Here we must mention Rhode Island with honor. This State, planted by Roger Williams, may point with pride to her early record on Slavery. At a General Court held May 19, 1652, after setting forth, that “there is a common course practised amongst Englishmen to buy negroes, to that end they may have them for service or slaves forever," it was ordered, "that no black mankind, or white, being forced by covenant bond, or otherwise, to serve any man or his assigns longer than ten years, or until they come to be twenty-four years of age, if they be taken in under fourteen, from the time of their coming within the liberties of this colony." If Rhode Island afterwards

1 Commonwealth r'. Aves, 18 Pickering, R., 209.

2 Records of the Colony of Rhode Island and Providence Plantations, Vol. I. p. 243.

departed from this law, it existed, nevertheless, as an example not to be forgotten by the Chief Justice. Nor should he have forgotten that Pennsylvania, as early as 1712, passed an act to prevent the increase of slaves, although it was annulled by the Crown, and that this same State enacted, March 1, 1780, that all persons born in that State after that day were free at the age of twenty-eight years. But all this is inconsistent with the famous “axiom” on which the Chief Justice founded his fearful superstructure.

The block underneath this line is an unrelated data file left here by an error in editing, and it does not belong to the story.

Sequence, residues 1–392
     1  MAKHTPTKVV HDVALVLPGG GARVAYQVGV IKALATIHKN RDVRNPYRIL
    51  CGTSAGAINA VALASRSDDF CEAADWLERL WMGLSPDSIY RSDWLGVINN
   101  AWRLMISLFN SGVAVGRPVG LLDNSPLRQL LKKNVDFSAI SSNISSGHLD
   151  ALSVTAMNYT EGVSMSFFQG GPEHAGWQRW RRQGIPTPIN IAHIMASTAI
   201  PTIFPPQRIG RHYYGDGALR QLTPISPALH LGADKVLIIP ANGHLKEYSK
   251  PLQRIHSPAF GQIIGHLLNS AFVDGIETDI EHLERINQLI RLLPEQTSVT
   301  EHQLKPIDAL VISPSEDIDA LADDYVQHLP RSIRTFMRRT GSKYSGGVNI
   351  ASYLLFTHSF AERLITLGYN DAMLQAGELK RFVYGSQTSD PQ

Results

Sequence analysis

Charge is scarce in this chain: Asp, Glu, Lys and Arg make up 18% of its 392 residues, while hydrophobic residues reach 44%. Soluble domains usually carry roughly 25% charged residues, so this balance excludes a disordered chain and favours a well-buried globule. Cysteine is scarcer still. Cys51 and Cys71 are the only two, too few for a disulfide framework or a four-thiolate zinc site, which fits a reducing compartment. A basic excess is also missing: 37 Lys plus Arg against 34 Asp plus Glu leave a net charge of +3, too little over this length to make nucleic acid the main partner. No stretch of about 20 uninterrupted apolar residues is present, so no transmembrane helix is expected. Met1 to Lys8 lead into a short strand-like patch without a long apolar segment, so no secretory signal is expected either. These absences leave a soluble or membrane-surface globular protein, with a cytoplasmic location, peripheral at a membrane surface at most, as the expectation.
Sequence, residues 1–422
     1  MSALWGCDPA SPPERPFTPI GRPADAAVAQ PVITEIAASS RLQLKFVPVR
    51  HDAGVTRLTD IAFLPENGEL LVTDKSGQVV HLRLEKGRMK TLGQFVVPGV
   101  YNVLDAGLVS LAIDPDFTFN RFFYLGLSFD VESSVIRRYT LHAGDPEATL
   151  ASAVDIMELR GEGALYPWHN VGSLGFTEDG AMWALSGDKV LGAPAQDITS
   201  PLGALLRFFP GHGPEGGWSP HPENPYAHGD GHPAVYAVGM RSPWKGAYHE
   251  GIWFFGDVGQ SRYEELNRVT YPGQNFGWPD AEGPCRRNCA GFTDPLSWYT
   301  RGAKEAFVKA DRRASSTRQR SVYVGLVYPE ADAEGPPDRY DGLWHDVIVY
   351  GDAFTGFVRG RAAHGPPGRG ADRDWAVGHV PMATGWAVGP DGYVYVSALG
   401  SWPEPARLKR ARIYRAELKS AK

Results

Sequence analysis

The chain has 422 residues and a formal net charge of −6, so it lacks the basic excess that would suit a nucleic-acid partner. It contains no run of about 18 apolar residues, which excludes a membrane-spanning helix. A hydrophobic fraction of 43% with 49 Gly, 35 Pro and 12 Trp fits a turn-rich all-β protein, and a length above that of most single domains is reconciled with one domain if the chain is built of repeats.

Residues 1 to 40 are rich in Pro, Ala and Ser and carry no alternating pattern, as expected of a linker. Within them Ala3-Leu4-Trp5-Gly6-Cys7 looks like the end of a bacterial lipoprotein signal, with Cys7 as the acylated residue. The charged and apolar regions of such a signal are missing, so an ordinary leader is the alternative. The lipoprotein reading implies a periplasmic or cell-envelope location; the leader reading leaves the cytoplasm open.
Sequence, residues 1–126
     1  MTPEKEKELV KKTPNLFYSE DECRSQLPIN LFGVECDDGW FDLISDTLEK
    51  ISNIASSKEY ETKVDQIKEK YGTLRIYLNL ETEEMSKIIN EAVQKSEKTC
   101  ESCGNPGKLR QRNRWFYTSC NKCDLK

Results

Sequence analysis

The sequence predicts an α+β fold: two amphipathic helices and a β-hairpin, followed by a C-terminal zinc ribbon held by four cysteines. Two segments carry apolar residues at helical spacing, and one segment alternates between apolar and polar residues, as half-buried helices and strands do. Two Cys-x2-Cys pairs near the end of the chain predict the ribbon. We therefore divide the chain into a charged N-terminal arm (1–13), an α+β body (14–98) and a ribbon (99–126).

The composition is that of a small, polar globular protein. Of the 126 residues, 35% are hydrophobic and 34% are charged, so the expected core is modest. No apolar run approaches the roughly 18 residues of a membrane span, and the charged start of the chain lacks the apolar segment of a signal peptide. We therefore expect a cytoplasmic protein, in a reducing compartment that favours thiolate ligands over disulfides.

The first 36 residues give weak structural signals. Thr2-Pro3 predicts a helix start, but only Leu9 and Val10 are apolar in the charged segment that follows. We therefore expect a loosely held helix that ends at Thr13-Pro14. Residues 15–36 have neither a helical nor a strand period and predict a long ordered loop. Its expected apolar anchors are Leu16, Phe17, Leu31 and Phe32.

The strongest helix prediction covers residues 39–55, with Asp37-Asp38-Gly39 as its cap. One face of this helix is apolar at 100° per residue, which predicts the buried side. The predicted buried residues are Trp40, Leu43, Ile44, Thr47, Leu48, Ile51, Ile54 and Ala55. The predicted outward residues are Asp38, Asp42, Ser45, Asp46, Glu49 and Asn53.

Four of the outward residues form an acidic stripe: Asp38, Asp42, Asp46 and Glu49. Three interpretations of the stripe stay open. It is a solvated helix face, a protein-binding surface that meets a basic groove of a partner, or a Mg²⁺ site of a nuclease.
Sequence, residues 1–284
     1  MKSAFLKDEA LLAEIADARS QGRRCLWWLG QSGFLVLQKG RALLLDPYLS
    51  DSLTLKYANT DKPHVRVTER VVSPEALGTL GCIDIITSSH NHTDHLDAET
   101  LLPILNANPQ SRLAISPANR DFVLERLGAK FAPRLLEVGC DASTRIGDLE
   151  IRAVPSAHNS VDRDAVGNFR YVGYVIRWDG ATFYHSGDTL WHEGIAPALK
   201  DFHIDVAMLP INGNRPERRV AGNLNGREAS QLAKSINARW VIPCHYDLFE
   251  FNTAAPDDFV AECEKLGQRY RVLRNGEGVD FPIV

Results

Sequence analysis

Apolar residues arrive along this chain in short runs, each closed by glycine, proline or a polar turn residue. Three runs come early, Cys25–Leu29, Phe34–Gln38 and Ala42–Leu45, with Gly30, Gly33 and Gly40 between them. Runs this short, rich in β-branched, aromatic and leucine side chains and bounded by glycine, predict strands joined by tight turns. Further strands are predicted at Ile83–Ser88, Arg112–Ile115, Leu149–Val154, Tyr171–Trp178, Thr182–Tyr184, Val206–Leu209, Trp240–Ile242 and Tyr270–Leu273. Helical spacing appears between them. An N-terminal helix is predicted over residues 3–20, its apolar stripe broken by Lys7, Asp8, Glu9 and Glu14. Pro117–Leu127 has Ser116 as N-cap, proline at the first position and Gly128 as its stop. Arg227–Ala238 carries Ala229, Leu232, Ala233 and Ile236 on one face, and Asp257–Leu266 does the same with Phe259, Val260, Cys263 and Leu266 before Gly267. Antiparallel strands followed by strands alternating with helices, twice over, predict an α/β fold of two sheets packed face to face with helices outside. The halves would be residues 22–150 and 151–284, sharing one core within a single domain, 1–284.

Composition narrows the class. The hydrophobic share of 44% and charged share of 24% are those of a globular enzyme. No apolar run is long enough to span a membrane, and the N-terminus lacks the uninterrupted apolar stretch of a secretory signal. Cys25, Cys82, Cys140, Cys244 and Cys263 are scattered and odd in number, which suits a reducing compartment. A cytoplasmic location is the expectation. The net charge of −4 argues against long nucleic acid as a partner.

I need go no further than the dissenting opinion of Mr. Justice Curtis, on this very occasion, to find, that, "at the time of the ratification of the Articles of Confederation, all free native-born inhabitants of New Hampshire, Massachusetts, New York, New Jersey, and North Carolina, though descended from Africa slaves, were not only citizens of those States, but such of them as had the other necessary qualifications possessed the franchise of electors on equal terms with other citizens."3 Was all this forgotten by the Chief Justice? But how could he forget the decision of the admirable Judge Gaston, of North Carolina, who, describing the State Constitution of 1776, says, that it “extended the elective franchise to every freeman who had arrived at the age of twenty-one and paid a public tax; and it is a matter of universal notoriety, that, under it, free persons, without regard to color, claimed and exercised the franchise, until it was taken from

1 Act to prevent the Importation of Negroes and Indians, June 7, 1712: Laws, ed. Dallas (Philadelphia, 1797), Vol. I. p. 93; Archives, ed. Hazard, Vol. I. pp. 160, 162.

2 Act for the Gradual Abolition of Slavery: Laws, ed. Dallas, Vol. I.

p. 838.

3 Dred Scott v. Sandford, 19 Howard, R., 572, 573.